The answer to (2) is a little more difficult. Think back to the canvas above. To build up a picture like that, many thousands of dots are added across the breadth of the canvas, each chosen partly based on its relationship to the other dots on the canvas. In a content-focused view of teaching reading comprehension, our planning must focus on the content being read – the characters, the themes, the text features, the aspects of the world being described, etc. And it must do so in relation to the rest of that which has been, and will be, added to the canvas. In short, stop focusing on how non-existent generic comprehension skills will be taught. Instead focus on the texts themselves – not least their variety and their relationship to the rest of the curriculum**** – and on how you will ensure that pupils learn lots about them.

A content-focused approach to the teaching of reading comprehension aligns with a more accurate view of reading comprehension. It allows teachers to do away with pointless, time-consuming forms of assessment. It encourages school leaders to re-imagine their reading curriculum primarily in terms of the texts to be shared. Most of all, it offers our pupils a more authentic, enriching and effective experience of reading.

So, what’s stopping us from teaching reading comprehension really well? Absolutely nothing.

If you’d like to find out more about teaching reading, please consider my book, The Art and Science of Teaching Primary Reading: link

All royalties will be going to the Malaria Consortium, a Give-Well-recommended charity.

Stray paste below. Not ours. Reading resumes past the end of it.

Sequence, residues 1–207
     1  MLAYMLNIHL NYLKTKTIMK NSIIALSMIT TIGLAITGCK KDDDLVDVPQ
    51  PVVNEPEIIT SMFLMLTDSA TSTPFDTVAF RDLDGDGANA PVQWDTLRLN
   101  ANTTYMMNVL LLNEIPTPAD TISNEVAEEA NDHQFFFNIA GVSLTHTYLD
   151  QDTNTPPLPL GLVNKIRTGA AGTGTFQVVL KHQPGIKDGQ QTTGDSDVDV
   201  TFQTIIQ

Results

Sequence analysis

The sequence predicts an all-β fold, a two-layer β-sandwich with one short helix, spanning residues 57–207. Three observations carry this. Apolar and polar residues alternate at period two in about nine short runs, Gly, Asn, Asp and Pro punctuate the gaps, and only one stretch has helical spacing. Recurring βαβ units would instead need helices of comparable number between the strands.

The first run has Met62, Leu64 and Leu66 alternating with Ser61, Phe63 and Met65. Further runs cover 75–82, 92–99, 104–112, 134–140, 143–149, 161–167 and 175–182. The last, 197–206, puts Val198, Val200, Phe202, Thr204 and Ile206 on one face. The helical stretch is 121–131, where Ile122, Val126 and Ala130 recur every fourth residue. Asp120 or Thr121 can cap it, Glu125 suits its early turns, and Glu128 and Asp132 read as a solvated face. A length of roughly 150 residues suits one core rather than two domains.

* Fluent word recognition is also dependent on our broader language comprehension alongside our knowledge of phoneme-grapheme relationships, phonemic skills, etc.

** The Teachwell blog has an excellent series on this idea: http://www.teach-well.com/reforming-the-key-stage-2-reading-sat-why-its-needed-and-possible/

*** There is lots of research into comprehension strategies. This blog is a good place to start if you want to know more: https://www.shanahanonliteracy.com/blog/comprehension-skills-or-strategies-is-there-a-difference-and-does-it-matter#sthash.ZC5WlzWX.dpbs

**** This does not mean that every text has to directly relate to something else in your wider curriculum. It might even be the case that texts are chosen precisely because of how they supplement the curriculum. (E.g. If a primary history curriculum doesn’t include a study of a South American civilisation, a non-fiction text relating to the Maya civilisation might be an apt choice to add breadth to the pupils’ understanding of the challenging – and often controversial – concept of civilisation.)

7 thoughts on “What’s stopping us from teaching reading comprehension really well?

  1. So, what’s stopping us from teaching reading comprehension really well?

    A fear that test scores will plummet in the short term because students haven’t rehearsed the types of comprehension questions that are tested as often. We need to change standardized tests to incentivize a content-focused approach.

    Great blog.


    1. Having taught reading comprehension in upper key stage two without a constant focus on answering particular question types, I think that fear is unfounded. A few weeks of test prep before the SATs is all that’s required if we wish to ensure that children are prepared for them. Beyond that, I am convinced that authentic teaching of reading comprehension is just as positive for reading outcomes as it is for the experiences of pupils and their teachers.

      Liked by 1 person